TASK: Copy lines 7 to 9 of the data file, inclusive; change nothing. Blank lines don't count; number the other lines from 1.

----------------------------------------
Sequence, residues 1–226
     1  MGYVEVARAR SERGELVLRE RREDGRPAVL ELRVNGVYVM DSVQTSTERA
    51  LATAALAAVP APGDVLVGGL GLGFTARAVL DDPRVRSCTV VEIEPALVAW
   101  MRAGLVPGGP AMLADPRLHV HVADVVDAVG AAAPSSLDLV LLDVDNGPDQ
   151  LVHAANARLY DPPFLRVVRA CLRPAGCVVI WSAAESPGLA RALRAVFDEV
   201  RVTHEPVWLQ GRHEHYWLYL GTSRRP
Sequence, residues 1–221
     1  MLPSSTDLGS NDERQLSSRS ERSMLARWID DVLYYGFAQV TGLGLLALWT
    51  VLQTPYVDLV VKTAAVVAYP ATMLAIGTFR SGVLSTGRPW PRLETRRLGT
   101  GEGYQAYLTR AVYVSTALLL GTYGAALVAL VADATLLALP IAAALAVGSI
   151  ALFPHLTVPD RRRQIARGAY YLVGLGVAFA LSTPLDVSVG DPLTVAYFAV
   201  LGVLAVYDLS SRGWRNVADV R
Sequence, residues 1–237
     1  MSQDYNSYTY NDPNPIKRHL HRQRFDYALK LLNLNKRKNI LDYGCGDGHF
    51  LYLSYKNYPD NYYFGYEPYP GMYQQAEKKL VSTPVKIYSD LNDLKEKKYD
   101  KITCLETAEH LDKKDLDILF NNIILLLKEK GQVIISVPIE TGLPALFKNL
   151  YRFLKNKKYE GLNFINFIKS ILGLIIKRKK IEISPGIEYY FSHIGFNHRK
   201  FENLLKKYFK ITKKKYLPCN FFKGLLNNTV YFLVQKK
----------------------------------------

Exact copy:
Sequence, residues 1–221
     1  MLPSSTDLGS NDERQLSSRS ERSMLARWID DVLYYGFAQV TGLGLLALWT
    51  VLQTPYVDLV VKTAAVVAYP ATMLAIGTFR SGVLSTGRPW PRLETRRLGT